It’s been a particularly wet year here, this year, and I think they have moved farther away from the river than usual. This one was headed north towards the river to get back to his den for the winter. My cowboy had seen a bull snake (usually bigger than rattlers) run over last week headed the same way.
I’ve never seen a snake den, but my cowboy has and he explained it to me this way. You smell it before you see it. In a depression in the ground are hundreds of snakes, Rattle Snakes and Bull Snakes together, in one big writhing mass. Pretty yucky!

Sunday Stills-Figurines

This little salt shaker is the only thing my cowboy has of his grandmother’s. It’s chipped but he loves it.

This is my favorite thing from my grandmother in Wales. I never met her but I’m sure she is very special.

This little guy holds some special meaning to us. One time when we leaders for a 4-H light horse club we had a Halloween costume party at the indoor arena with our horses. The only costume we had that fit our youngest daughter was a Santa Claus suit, so I made antlers and a red nose just like this for her horse. They made a really cute pair.

I guess this is more a sculpture than a figurine. Our oldest daughter bought it for us because she said that is how she always remembered us (we’ve been in love for a long time).

But I think these are the most appropriate for a Sunday.

Horse Sales

We went to 2 horse sales today and I managed to keep my cowboy from buying any horses 
(and that is the hardest part of my job as his wife).
The first one was a local annual production and guest consignor sale. The bay horse in my header picture is from there and Kid, one of our For Sale Horses, we bought there last year.

They sell mostly started 3 year olds. The girl leading the horse and her husband-to-be trained most of them this year. She was a really good hand (better than her fiance).
They showed them outside in this small arena, different than last year when they road them in a very large cattle corral. That year a horse fell, tripped by a piece of bailing twine, so this was safer.

They had a quad pulling a roping dummy instead of real cattle (blah!) to show them on. It was windy and cool. We parked our truck where we could sit in it and watch the goings on. The horses all looked pretty happy and willing and moved around on a loose rein.

Crystal liked this buckskin but I thought it was a little wide in the chest which can make a horse kind of rough.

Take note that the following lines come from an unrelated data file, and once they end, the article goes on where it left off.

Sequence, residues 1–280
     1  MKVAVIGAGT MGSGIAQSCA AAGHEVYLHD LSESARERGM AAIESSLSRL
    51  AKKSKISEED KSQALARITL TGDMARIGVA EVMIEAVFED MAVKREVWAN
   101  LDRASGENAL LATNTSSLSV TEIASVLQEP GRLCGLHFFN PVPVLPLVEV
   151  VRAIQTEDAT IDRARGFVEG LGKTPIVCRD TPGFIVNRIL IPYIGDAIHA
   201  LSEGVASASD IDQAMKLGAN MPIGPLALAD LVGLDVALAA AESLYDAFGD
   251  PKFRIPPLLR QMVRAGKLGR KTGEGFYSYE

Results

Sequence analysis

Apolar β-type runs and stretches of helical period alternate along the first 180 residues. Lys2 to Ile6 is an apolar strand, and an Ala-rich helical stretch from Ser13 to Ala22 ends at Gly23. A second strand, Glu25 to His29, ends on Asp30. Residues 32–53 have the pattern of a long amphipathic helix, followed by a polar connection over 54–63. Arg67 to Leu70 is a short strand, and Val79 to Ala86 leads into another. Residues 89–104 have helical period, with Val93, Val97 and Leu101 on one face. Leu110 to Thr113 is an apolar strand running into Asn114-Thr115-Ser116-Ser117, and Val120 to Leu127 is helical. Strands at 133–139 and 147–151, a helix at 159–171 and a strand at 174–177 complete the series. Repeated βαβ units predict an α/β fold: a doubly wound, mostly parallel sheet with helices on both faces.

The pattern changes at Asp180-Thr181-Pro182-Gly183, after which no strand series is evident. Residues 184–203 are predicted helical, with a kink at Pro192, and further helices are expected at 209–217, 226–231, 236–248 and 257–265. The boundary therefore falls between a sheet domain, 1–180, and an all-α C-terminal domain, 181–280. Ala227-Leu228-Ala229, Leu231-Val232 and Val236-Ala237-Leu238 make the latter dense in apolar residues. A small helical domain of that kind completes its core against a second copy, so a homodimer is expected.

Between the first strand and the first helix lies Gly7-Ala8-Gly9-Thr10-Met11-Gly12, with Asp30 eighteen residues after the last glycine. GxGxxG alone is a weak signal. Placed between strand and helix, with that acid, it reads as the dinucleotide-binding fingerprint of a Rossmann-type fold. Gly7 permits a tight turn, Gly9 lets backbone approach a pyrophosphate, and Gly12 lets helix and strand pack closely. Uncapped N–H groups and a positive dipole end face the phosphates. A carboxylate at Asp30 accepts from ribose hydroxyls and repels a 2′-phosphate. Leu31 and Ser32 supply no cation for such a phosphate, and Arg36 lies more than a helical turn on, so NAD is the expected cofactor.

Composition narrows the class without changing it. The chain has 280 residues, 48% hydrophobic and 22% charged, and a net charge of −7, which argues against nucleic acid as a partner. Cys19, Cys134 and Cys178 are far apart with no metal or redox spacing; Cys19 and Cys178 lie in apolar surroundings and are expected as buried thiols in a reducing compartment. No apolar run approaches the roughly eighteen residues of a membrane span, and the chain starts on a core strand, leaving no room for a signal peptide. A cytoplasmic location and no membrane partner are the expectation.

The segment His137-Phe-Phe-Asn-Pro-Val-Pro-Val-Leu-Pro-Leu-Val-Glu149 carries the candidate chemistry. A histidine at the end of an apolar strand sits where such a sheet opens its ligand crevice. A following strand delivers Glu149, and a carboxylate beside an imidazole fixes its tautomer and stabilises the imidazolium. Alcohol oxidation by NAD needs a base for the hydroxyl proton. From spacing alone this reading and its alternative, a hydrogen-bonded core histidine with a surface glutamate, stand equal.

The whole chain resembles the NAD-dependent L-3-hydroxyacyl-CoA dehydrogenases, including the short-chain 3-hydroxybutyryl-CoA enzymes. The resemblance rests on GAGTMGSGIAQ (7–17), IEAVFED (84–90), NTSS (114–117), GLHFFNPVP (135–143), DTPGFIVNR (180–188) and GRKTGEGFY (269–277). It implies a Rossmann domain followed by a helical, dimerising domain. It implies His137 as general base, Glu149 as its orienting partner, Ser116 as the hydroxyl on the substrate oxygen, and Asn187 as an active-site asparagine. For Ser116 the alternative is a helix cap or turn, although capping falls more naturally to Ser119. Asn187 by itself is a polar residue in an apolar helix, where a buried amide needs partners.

They have an small indoor arena where they stall the sale horses for people to walk through and divide it from the auction area by this big tarp. That red pipe area is where they saddle the horses that are coming into the ring. They are rode into the ring through that open doorway you see on the right.
This is looking the opposite way into the stall area where people can look at the horses and visit.

I thought it was smart put hay in front of the horses as soon as the outside preview was over and they were waiting in the stalls. They all looked pretty happy. There were mostly sorrels this year, lots with faxen manes and yellow horses. Every horse had a nice rope halter, the same except different colours and leads, all the same, cut from the same kind of rope, probably from the UFA (United Farmers of Aberta  co-op store). It looked very tidy and professional.
Maybe that’s how it should be but these guys are pretty western and kind of old school.

The Hayes Brothers are older (even than me) and they are heavy into Skipper W bred horses.

This is LeRoy, saying his little welcoming speech and I think Bobby and Pat watching from down the steps.

This was the first horse of the sale (a guest consignor). They went to great lengths to be sure we knew all about the one and only (and somewhat suspicious) phone-in bid on this horse. It didn’t set quite right with my cowboy.
They passed the next two horses out then someone that knew Crystal, who was with us, came up to where we were sitting in the stand to tell her that her husband had been hurt in a quad accident (chasing some cows, I think) and was at the hospital. We left to take her home so she would be there when the neighbors brought him home. Luckily it was only a concussion and sore shoulder. Those quads are dangerous things. Not like a horse that will look where it’s going.